Miss Kim $$
KOREAN • This spinoff from the Zingerman’s mini empire comes courtesy of chef Ji Hye Kim, a James Beard semifinalist. Kim meticulously researches Korean culinary traditions and recipes to create her unique blend of modern Korean food highlighting Michigan vegetables, from housemade kimchi to the tteokbokki (rice cakes). Some of the restaurant’s standouts include a craveable Korean fried chicken and its plantbased counterpart the Korean fried tofu. 415 N. Fifth Ave., Ann Arbor, 734-275-0099. L and D Wed.-Mon.
ITALIAN With a friendly waitstaff and decked in vibrant colors, this lively restaurant is not to be missed. The innovative menu changes seasonally. Must-tries have included the pasta carbonara, featuring shrimp, duck bacon, and Italian greens, as well as beet and ricotta gnocchi with brown butter. 3411 Washtenaw Ave., Ann Arbor; 734-971-0484. L,D daily.
JAPANESE • This fun, casual Ann Arbor restaurant, owned by celebrity chef Takashi Yagihashi, offers plenty of shareable dishes, such as hamachi tacos and duck-fat fried chicken. But the star at Slurping Turtle is the noodle (Yagihashi’s “soul food”), which is made in-house daily on a machine imported from Japan. 608 E. Liberty St., Ann Arbor; 734-887-6868. L,D daily.
The Boro Dining Room and Bar $$$$ NEW AMERICAN • Much like the restaurant’s ambience, the cuisine at The Boro is both refined and relaxed. The Grilled Bone-In Pork Loin typifies the vibe. In flavor, the pork is reminiscent of a slab of tender brisket at a family barbecue. The loin is sweetened with a smattering of St. Louis-style barbecue glaze. In presentation and accoutrements, though, the dish is worthy of white-tablecloth status. 5400 Plymouth Road, Ann Arbor; 734-6693310. B,L,D daily.
Yotsuba Japanese Restaurant & Bar $$ JAPANESE • The semi-circular sushi bar is the center of this restaurant. Sushi chef Bobby Suzuki has a loyal following for his precise nigiri rolls. There are also tatami rooms and conventional seating. 7365 Orchard Lake Road, West Bloomfield Township; 248737-8282. 2222 Hogback Road, Ann Arbor; 734-9715168. L,D Tue.-Sun.
Zingerman’s Delicatessen $ SANDWICH/DELI • Zingerman’s Delicatessen is a household name for Michiganians, and a must-try staple in Ann Arbor. The temptations at Zingerman’s are endless: fresh breads and a menu of filling sandwiches, olive oils and housemade balsamic vinegars, chilies, and mustards. 422 Detroit St., Ann Arbor; 734663-3354. B,L,D daily.
Zingerman’s Roadhouse $$$ CLASSIC COMFORT This eatery celebrates the food of various American cities, from fresh Maryland crab cakes to the delicacies of New Orleans. The buttermilk biscuits are beyond-this-world. 2501 Jackson Ave., Ann Arbor; 734-663-3663. B,L,D daily.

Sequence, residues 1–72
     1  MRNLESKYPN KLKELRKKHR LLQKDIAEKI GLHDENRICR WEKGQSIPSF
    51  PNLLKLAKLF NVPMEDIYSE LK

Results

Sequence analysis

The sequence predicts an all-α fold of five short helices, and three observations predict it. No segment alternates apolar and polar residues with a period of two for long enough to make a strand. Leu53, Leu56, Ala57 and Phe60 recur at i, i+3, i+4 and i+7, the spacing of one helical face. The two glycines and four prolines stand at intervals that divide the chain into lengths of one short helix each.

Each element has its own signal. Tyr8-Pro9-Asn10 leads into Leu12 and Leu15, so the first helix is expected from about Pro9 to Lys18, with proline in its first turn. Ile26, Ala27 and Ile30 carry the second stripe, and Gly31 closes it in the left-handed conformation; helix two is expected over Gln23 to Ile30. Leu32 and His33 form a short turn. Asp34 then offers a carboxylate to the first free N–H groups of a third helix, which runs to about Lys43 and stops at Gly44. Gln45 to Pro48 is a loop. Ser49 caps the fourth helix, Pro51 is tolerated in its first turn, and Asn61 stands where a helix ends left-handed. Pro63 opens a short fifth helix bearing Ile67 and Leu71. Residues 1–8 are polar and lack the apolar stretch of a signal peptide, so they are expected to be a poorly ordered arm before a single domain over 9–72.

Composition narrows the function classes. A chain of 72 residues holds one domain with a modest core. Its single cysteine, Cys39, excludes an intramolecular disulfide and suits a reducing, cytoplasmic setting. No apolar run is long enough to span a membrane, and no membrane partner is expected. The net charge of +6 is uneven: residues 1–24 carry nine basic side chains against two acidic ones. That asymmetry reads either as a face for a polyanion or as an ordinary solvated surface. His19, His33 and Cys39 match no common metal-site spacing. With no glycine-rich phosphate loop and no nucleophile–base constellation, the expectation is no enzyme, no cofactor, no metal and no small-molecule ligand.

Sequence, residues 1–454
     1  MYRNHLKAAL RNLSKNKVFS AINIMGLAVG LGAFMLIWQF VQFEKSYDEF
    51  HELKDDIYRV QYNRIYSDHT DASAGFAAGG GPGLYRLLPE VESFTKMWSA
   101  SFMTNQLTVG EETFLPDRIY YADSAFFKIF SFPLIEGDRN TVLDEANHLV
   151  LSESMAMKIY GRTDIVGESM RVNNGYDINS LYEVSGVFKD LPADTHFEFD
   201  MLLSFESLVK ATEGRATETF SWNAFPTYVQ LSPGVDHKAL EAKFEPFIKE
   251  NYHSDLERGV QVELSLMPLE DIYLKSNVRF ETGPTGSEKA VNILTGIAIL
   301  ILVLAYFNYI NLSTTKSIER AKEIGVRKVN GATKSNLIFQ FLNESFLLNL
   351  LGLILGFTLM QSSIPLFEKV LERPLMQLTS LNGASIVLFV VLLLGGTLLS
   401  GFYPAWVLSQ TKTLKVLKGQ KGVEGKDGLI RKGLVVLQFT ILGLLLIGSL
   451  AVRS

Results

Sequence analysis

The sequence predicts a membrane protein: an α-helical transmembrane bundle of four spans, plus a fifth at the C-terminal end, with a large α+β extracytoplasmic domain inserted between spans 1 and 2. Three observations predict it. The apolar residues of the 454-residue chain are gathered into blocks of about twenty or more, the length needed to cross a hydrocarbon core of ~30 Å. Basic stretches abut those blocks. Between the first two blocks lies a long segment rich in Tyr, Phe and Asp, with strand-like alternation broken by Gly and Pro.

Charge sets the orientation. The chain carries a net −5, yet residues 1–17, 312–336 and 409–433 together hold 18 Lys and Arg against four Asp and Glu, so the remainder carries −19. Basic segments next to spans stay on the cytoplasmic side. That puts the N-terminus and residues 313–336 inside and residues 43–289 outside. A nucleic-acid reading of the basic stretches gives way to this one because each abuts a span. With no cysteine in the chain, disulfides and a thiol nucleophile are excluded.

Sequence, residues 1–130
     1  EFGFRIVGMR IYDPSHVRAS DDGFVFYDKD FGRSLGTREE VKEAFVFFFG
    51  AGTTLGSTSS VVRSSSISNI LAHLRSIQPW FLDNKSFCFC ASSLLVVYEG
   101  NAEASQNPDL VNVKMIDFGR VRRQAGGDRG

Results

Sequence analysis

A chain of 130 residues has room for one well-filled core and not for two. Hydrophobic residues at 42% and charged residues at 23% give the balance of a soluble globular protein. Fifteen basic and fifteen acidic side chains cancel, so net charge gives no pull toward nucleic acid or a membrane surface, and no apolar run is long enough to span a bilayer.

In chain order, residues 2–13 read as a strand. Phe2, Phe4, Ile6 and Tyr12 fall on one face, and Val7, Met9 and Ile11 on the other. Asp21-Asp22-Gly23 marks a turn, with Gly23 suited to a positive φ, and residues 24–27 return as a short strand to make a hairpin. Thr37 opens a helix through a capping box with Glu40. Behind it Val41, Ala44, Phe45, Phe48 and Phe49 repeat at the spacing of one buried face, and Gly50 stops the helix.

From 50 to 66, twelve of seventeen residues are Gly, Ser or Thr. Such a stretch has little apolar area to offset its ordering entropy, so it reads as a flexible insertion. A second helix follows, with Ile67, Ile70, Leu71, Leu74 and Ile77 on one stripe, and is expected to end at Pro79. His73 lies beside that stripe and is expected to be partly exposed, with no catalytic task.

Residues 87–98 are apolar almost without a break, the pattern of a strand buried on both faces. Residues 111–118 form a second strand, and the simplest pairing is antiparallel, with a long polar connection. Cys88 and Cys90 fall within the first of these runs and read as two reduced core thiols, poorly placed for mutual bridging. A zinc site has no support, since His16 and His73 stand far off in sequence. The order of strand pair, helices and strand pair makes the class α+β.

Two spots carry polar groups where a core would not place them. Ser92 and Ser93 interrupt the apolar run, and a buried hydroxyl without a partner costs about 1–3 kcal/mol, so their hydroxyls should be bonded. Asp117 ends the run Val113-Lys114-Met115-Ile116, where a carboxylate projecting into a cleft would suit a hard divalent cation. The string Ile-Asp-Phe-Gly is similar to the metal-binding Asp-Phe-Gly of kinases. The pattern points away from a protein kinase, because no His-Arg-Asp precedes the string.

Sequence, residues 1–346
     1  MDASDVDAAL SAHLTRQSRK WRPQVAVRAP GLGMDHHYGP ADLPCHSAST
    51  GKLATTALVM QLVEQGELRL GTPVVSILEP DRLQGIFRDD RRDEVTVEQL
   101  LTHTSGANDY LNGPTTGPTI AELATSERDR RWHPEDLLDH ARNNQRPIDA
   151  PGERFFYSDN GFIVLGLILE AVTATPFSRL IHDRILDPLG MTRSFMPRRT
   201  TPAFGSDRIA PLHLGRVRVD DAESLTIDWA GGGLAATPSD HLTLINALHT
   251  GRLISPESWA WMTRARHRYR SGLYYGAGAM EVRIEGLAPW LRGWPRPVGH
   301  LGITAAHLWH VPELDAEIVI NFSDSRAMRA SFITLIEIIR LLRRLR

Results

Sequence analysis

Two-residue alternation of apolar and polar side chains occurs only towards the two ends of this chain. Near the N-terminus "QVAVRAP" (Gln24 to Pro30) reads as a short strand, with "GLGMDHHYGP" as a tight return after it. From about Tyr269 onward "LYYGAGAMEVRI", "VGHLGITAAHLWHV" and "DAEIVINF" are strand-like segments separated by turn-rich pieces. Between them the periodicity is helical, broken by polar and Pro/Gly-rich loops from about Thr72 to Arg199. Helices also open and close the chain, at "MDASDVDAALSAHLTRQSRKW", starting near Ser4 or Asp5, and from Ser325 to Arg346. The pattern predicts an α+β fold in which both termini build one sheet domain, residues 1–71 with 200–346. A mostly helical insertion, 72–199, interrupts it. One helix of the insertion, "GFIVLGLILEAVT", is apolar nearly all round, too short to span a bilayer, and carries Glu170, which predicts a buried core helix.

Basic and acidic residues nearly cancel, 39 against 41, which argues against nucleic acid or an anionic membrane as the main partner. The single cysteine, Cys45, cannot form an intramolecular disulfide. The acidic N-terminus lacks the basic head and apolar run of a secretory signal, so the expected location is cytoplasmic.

IMA IZAKAYA’S PENNYROYAL
1.5 ounces mezcal
1 ounce ume simple syrup (recipe below)
1 ounce lime juice
2 dashes Fee Brothers Plum Bitters
Hawaiian black lava sea salt, for rimming the glass
For the syrup:
8 ounces sugar, by weight 8 ounces water
75 grams ume (ume are Japanese plums that can be found in the refrigerated section of most Asian markets)
1. For the syrup, separate the pits from the ume and use both. Mix together the water, sugar, and separated ume in a small saucepan. Bring to a boil and simmer gently for 15 minutes. Strain the syrup through a fine mesh strainer, making sure to mash the fruit through to extract all of the flavor.
2. In a cocktail shaker, combine all the ingredients except for the salt. Add in ice and shake well.
3. Rim a double rocks glass with the Hawaiian black lava salt and add fresh ice. Pour the cocktail over the ice and garnish with a slice of fresh lime and an ume plum on a skewer. Enjoy!PHOTO BY REBECCA SIMONOV RECIPE
A smile is the universal welcome, and that’s what the team of professionals at Comfort Dental Spa believe in.
Dr. Aziza Askari bases her recommendations on each patient’s individual needs, desires, and circumstances. Her patients turn to her for dental implants, sleep apnea treatment, and TMJ disorders. She’s dedicated to meeting patients’ goals with warmth and compassion, and specializes in working with specialists to perform cosmetic smile makeovers that may require implants, Invisalign® treatment, and veneers.
Dr. Edward Essayan taught graduate orthodontics for 30 years at Detroit Mercy Dental School and has expertise in working with children who are diagnosed with sleep apnea and ADHD. His philosophy is to provide comprehensive, gentle orthodontic care with an emphasis on function, prevention, and aesthetics. He works with specialists in complicated smile cases.
Whatever your family’s orthodontic needs, the experts at Comfort Dental Spa will help you find your happiest smile.
Dr. Mune Gowda is an award-winning plastic surgeon who delivers natural-looking results for his patients. He exclusively performs cosmetic surgery of the face and body, and is highly skilled in the latest advances in rhinoplasty, including Piezo and Preservation, which are less invasive and require less downtime.
Dr. Gowda and his team offer cosmetic treatments including lasers, injectables, and micro-needling. He performs surgery at his private, state-of-the-art, certified surgical center on the Novi campus of Providence Hospital. He also has privileges at
Muse Medical Spa in Troy is a physician-directed medical spa created by a dynamic team of aesthetic and antiaging experts. They specialize in corrective skin and body solutions that help clients achieve noticeable, natural, and lasting results. Their mission is to provide exceptional care and beautiful results using the latest technologies available, allowing their clients to be their most authentic selves.
Muse offers treatments including nonsurgical body